Good morning, and welcome to our rolling coverage of the world economy, the financial markets, the eurozone and business.
News just out: UK inflation jumped to 3.2% in August, from 2% in July, the highest rate since March 2012. The Office for National Statistics says:
The increase of 1.2 percentage points is the largest ever recorded increase in the CPI National Statistic 12-month inflation rate series, which began in January 1997; this is likely to be a temporary change.
The consumer prices index rose 0.7% between July and August, compared with a 0.4% drop in August last year.
The statistics office said higher prices in transport, restaurants, hotels and for food and drinks pushed up the consumer prices index. It noted that in August 2020 many prices in restaurants and cafes were discounted because of the government’s temporary Eat Out to Help Out scheme, which was not repeated this year.
The figures come a day after inflation across the US economy eased in August from July’s 13-year highs, in a sign that some of the pandemic price pressures may be fading.
The US Consumer Prices Index rose by 5.3% in the 12 months to August, down from 5.4% in July. Energy prices rose by 25% over the year, while the food index increased 3.7%. Core inflation, which strips out volatile items such as energy and food, fell back to 4% from 4.5%.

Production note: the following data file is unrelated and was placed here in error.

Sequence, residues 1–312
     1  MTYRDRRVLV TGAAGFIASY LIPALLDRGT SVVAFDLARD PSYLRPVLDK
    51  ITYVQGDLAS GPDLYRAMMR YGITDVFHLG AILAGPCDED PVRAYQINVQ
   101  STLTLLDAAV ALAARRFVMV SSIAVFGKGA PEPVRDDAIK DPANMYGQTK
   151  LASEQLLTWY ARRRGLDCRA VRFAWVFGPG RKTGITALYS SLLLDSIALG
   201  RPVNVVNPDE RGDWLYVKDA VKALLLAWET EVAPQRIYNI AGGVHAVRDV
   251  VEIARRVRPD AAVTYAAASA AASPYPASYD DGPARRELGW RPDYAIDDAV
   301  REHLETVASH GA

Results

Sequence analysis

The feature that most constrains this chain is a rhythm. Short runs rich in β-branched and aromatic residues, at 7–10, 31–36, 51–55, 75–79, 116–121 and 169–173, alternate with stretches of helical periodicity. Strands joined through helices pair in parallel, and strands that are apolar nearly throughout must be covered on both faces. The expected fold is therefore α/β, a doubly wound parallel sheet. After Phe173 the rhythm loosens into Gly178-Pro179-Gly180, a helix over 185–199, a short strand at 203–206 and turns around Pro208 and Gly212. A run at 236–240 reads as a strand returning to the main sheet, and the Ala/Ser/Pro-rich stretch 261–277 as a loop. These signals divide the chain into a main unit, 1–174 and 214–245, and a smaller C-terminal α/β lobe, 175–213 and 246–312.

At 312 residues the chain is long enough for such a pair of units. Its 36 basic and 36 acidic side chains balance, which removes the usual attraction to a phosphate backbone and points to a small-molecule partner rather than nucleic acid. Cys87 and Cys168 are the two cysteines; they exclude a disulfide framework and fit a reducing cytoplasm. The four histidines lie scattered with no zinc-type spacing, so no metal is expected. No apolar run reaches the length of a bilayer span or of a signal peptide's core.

Even though this was what investors wanted to see, stock markets still fell back and bond yields fell over concerns that growth is starting to slow.
Over in China, retail sales slowed sharply, showing the impact of port disruptions and localised Covid restrictions that were reintroduced because of the spread of the delta variant. Retail sales rose by 2.5% in August, a big fall from July’s 8.5% increase. Industrial production also slowed, to a 5.3% increase from 6.4% in July. Asian markets fell after the data, with Japan’s Nikkei losing 0.5% and China’s CSI 300 down 1%.
Michael Hewson, chief market analyst at CMC Markets UK, says:
If investors weren’t worried about a slow down in China’s economy before today’s numbers they probably are now. As a gauge of how much damage the resurgent delta variant is doing to economic activity you couldn’t see a starker example.
- 7.45am BST: France inflation final for August (forecast: 1.9%)
- 9am BST: Italy inflation final for August (forecast: 2.1%)
- 10am BST: Eurozone industrial production for July
- 12pm BST: US MBA mortgage applications for week of 10 September
- 1.30pm BST: Canada inflation for August (forecast: 3.9%)
- 2.15pm BST: US Industrial production for August